Quantifying Reservoir Heterogeneity Through Outcrop Characterization: 2. Architecture, Lithology, and Permeability Distribution of a Seaward-Stepping Fluvial-Deltaic Sequence, Ferron Sandstone (Cretaceous), Central Utah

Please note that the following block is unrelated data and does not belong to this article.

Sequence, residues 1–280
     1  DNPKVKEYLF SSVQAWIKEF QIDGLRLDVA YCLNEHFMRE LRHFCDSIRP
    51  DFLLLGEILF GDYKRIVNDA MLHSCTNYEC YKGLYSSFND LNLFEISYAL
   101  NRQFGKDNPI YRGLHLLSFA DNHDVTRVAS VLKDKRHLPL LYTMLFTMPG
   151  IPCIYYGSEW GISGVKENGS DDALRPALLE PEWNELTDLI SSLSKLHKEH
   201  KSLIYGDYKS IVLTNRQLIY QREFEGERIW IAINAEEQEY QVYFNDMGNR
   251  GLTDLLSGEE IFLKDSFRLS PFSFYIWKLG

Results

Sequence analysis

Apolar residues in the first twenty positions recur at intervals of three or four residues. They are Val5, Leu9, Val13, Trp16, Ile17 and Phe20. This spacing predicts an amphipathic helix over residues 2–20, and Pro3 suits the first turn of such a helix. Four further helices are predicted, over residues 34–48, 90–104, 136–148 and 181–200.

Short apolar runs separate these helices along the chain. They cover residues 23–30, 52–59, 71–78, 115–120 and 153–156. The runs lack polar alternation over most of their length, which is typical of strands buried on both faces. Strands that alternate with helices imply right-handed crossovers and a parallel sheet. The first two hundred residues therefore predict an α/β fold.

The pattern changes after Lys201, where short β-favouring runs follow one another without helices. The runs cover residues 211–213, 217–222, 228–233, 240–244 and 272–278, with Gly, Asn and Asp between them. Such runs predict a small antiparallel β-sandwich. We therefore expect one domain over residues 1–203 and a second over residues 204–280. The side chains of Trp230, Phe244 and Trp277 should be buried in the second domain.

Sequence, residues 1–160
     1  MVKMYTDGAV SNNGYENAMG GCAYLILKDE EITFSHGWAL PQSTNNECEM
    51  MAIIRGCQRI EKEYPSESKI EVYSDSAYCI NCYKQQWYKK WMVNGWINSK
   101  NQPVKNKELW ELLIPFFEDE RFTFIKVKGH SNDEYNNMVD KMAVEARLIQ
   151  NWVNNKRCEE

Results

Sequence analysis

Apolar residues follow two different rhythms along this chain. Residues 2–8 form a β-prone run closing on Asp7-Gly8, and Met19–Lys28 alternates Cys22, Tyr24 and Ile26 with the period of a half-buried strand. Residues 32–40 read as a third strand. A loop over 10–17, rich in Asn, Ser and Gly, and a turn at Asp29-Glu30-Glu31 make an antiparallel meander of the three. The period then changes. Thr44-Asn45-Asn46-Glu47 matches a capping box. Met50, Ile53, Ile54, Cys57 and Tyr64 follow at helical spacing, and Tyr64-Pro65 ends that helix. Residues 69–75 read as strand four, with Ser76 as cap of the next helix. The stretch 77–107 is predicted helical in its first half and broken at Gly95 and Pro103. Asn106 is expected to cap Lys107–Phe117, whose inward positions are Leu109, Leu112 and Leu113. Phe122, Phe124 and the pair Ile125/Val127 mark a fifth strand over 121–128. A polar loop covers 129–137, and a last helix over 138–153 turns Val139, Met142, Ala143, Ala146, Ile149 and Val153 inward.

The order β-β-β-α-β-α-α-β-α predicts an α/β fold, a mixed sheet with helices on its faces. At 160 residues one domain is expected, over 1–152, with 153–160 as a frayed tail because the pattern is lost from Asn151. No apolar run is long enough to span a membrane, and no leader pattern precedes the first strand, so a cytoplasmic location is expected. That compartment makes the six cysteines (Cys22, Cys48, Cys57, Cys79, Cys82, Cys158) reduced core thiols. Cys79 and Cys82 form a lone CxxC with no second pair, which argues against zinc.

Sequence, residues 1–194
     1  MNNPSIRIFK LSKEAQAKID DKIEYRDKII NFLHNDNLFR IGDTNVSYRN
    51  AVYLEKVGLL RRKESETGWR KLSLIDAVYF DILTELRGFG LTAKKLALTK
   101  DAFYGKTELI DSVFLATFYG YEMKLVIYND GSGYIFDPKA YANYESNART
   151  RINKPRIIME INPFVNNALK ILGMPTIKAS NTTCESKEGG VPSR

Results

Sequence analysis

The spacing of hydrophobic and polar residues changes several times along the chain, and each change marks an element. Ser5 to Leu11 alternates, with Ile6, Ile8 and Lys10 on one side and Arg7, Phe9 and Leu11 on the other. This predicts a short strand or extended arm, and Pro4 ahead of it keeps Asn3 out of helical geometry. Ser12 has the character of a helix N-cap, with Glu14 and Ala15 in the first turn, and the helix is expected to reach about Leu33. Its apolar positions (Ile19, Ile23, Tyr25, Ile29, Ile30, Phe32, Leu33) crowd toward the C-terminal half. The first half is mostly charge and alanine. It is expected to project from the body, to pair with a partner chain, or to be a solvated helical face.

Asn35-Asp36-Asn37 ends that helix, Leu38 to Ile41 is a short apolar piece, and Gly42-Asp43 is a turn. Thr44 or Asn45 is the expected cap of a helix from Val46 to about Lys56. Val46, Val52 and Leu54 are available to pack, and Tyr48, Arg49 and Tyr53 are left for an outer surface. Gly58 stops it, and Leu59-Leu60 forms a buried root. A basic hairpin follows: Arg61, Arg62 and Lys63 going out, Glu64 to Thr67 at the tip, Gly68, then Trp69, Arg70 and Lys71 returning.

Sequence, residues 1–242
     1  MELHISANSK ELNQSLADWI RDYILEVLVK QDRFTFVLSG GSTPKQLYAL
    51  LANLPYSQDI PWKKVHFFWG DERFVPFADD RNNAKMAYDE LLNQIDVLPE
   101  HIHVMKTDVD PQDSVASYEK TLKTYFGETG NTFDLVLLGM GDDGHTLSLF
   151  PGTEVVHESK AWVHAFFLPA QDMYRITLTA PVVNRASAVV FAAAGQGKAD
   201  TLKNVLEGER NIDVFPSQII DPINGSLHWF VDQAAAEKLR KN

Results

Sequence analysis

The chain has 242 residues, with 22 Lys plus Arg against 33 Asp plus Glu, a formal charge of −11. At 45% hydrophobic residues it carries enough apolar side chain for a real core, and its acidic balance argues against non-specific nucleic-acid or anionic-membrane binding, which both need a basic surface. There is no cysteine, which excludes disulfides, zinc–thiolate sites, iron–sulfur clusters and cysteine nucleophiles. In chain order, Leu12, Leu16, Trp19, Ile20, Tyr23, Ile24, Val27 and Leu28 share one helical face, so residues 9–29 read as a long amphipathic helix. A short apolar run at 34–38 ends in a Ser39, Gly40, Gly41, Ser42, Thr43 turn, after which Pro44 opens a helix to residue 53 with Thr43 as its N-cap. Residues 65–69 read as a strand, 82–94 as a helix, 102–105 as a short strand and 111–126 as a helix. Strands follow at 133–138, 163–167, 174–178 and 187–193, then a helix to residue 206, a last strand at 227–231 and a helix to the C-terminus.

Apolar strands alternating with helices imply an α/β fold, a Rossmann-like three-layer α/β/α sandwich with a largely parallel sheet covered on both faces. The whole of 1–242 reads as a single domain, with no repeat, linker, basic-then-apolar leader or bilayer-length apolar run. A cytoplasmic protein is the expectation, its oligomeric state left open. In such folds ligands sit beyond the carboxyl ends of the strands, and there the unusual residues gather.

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The internal architecture of natural gas reservoirs fundamentally determines gas migration, production efficiency, and the volume of gas unrecovered at abandonment. To determine the style and scale of reservoir complexity in fluvially dominated (seaward-stepping) deltaic reservoirs, we investigated relations between sandstone architecture and permeability distribution in seaward-stepping deltaic Ferron genetic sequence (GS) 2 sandstone outcrops in central Utah. Distributary-channel, mouth-bar, and delta-front deposits are the volumetrically important sand repositories in the Ferron GS 2. Mouth-bar facies are laterally extensive and relatively simple sand bodies with moderate mean permeabilities. Distributary channels also have good permeability but are narrow, sinuous, and separated from mouth-bar sandstones by low-permeability bounding surfaces, making them difficult targets for development. Statistical analyses of permeability data show that lithofacies are the fundamental sandstone architectural elements. Therefore, lithofacies are the basic units that should be used to construct reservoir models. The variable preservation of lithofacies controls permeability throughout the system. Vertical and horizontal permeability correlation distances correspond to distances between bounding surfaces and to macroform dimensions. Estimates based on field-scale mapping show that 91 percent of the reservoir area could be contacted at 320-acre well spacing. Sandstone architecture and permeability relations of the Ferron GS 2 are similar to those in Lake Creek (Wilcox Group, Texas Gulf Coast) reservoirs. This outcrop-reservoir comparison confirms that outcrop data are transferable to reservoirs.


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